Write a method named `containsBothDigits`

that accepts three integer parameters *a*, *b*, and *c*. Assume that *a* is a positive integer (greater than 0) and that *b* and *c* are single-digit numbers from 0 through 9 inclusive. Your method should return `true`

if *a* contains both *b* and *c* among its digits, and `false`

otherwise.

For example, the number 433407 contains 4, 3, 0, and 7 as its unique digits, so a call of `containsBothDigits(433407, 7, 3)`

should return `true`

. If *b* and *c* are the same number, your method should return `true`

if that digit appears at least once among the digits; in other words, the same digit from *a* could match both *b* and *c*. So for example, a call of `containsBothDigits(433407, 7, 7)`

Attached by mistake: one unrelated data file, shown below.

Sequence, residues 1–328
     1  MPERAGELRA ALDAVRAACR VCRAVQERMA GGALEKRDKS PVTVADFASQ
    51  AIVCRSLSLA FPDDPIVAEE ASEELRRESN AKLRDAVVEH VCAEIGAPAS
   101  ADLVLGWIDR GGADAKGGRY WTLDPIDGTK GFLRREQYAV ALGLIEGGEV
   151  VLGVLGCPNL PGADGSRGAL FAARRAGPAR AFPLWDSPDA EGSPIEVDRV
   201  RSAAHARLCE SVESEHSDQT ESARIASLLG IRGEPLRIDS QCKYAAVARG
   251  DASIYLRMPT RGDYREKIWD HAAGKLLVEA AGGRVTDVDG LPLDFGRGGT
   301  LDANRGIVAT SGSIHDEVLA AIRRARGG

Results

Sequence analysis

should return `true`

.

The following table shows several other calls to your method and their results:

Call |
Value Returned |
Reason |

`containsBothDigits(12345, 2, 5)` |
`true` |
12345 contains the digits 2 and 5 |

`containsBothDigits(3004955, 3, 0)` |
`true` |
3004955 contains the digits 3 and 0 |

`containsBothDigits(1650, 6, 6)` |
`true` |
12345 contains the digit 6 |

`containsBothDigits(12345, 1, 7)` |
`false` |
12345 does not contain a digit 7 |

`containsBothDigits(42, 4, 7)` |
`false` |
42 does not contain a digit 7 |

You may not use a `String`

to solve this problem.